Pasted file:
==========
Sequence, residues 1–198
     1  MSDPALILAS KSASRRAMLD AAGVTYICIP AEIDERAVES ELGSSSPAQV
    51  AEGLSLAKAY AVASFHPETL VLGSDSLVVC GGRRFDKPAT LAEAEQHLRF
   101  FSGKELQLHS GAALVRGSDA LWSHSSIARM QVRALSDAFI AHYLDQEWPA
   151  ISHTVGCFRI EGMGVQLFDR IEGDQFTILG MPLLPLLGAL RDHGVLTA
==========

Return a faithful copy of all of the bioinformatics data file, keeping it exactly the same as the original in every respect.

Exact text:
Sequence, residues 1–198
     1  MSDPALILAS KSASRRAMLD AAGVTYICIP AEIDERAVES ELGSSSPAQV
    51  AEGLSLAKAY AVASFHPETL VLGSDSLVVC GGRRFDKPAT LAEAEQHLRF
   101  FSGKELQLHS GAALVRGSDA LWSHSSIARM QVRALSDAFI AHYLDQEWPA
   151  ISHTVGCFRI EGMGVQLFDR IEGDQFTILG MPLLPLLGAL RDHGVLTA